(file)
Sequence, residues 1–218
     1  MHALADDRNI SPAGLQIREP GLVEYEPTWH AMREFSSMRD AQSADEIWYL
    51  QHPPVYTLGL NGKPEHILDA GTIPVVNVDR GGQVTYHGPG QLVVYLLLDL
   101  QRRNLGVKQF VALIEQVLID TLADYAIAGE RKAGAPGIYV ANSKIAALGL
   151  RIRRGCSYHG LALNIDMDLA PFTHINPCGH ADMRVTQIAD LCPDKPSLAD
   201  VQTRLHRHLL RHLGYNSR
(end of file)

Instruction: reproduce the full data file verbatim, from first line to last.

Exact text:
Sequence, residues 1–218
     1  MHALADDRNI SPAGLQIREP GLVEYEPTWH AMREFSSMRD AQSADEIWYL
    51  QHPPVYTLGL NGKPEHILDA GTIPVVNVDR GGQVTYHGPG QLVVYLLLDL
   101  QRRNLGVKQF VALIEQVLID TLADYAIAGE RKAGAPGIYV ANSKIAALGL
   151  RIRRGCSYHG LALNIDMDLA PFTHINPCGH ADMRVTQIAD LCPDKPSLAD
   201  VQTRLHRHLL RHLGYNSR